I first met Ira Strauss in July of 1977 at the Green Lake Conference Center, located near Green Lake, WI. Ira would often joke that he was a ‘perfect Christian’ because he was a Christian Jew. Ira lived in the Bronx area of New York City. He had been going to Green Lake and attending the National ABMen’s Conference, while his wife was participated in the National Women’s Conference, also at Green Lake Conference Center, for several years by the time I met him.
When Ira was in high school he had been a member of a New York State, high school champion basketball team. Even in his eighties, Ira never missed a shot, scoring with every attempt. During the periods that the ABMen’s conference offered free time you would find him in the gymnasium; waiting for his next opportunity. Ira just loved to challenge boys who entered the gymnasium to a game of Horse. (Horse is a two player game on a basketball court that involves matching the last shooter’s basket.)
As mentioned, Ira never missed, and you can imagine the awe that a boy or young teenager would have at being defeated by someone older than their own grandparents. For Ira, the game of Horse was simply leading up to an opportunity. Once he had the young man’s attention, Ira would then offer to give pointers on how to properly shoot a basket and very few would turn that opportunity down. So, mixed in with lessons on stance, and proper shooting, Ira would include his witness for Christ. And the young men who Ira met would listen attentively as Ira taught basketball and Christ.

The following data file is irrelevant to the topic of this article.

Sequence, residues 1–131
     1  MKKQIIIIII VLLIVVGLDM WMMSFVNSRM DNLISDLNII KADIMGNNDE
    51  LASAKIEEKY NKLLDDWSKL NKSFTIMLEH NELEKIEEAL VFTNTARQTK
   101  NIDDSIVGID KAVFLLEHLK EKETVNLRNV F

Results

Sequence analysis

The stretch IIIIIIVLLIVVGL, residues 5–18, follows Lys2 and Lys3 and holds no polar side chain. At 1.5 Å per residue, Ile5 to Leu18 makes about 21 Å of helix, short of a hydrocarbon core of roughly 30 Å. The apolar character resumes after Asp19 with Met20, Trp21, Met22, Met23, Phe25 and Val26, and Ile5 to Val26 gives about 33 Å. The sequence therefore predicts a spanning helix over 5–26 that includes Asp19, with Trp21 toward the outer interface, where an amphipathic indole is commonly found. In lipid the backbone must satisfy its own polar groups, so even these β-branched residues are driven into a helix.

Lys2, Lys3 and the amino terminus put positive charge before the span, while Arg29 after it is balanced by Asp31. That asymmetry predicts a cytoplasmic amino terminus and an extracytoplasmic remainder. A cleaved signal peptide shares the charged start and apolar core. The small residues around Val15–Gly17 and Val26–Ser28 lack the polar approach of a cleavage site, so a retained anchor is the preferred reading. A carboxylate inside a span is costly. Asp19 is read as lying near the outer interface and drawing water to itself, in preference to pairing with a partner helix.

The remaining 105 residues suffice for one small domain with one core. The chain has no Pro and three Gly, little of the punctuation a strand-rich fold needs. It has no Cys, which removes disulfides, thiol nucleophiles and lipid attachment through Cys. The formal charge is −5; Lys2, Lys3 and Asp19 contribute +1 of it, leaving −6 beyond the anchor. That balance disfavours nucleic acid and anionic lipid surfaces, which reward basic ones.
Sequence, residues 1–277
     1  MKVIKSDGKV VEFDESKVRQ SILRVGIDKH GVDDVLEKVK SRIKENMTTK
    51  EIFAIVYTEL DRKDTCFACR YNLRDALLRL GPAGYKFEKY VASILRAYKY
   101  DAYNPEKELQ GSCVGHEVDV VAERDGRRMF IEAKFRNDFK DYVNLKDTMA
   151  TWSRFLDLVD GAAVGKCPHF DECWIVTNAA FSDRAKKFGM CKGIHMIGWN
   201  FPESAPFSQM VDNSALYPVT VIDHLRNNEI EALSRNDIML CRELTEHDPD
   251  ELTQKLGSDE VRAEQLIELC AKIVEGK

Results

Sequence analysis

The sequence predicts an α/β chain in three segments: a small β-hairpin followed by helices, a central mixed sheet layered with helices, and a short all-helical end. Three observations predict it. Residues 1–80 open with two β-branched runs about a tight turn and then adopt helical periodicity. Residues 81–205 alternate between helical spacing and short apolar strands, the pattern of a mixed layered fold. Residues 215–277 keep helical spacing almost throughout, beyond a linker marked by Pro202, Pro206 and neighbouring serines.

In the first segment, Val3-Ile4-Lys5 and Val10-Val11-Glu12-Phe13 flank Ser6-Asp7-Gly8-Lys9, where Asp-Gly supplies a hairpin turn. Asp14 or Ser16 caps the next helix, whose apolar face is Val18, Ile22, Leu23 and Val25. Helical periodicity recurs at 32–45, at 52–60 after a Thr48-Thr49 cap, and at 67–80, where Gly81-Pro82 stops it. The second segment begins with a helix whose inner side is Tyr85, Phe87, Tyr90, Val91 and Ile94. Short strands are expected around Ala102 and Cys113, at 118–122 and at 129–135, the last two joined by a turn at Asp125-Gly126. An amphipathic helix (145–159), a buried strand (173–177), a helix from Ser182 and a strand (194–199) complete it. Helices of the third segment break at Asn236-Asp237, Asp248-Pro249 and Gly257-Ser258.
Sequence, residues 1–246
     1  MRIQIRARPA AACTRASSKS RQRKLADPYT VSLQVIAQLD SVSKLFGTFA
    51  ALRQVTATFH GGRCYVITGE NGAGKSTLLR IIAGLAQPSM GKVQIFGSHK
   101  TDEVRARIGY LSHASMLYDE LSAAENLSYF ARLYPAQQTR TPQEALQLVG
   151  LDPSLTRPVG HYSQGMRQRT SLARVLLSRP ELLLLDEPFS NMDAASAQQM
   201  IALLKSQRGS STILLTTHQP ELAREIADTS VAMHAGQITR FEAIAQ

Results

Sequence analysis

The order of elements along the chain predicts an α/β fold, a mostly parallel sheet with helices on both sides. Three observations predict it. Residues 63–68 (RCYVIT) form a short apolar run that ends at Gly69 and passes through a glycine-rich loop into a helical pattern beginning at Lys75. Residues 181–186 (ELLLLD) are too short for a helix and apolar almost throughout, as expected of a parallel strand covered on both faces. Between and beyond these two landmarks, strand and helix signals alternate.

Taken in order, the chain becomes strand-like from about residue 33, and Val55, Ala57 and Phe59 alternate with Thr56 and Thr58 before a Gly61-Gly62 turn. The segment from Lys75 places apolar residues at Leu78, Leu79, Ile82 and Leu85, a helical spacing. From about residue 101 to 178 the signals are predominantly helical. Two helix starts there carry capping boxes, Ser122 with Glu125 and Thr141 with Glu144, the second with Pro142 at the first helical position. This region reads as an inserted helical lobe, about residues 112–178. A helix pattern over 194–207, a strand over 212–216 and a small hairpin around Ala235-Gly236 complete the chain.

Here is a follow up story involving another person who had known Ira.
Rev. Tim Schwartz, while he was the pastor of a church in Pennsylvania, took Ira’s method of witnessing into the digital age. (This is not the same Rev. Tim Schwartz who lives in Kansas.) Working with some of the people in his church, a few computers were purchased and video games were loaded onto them. Then they played one another until they were very good at playing the games. Once well practiced, they began inviting neighborhood kids into the church to play video games and the church members often won. Following Ira’s methodology, the church members would then give the neighborhood kids pointers on how to win at the game and share Jesus along with the game lesson.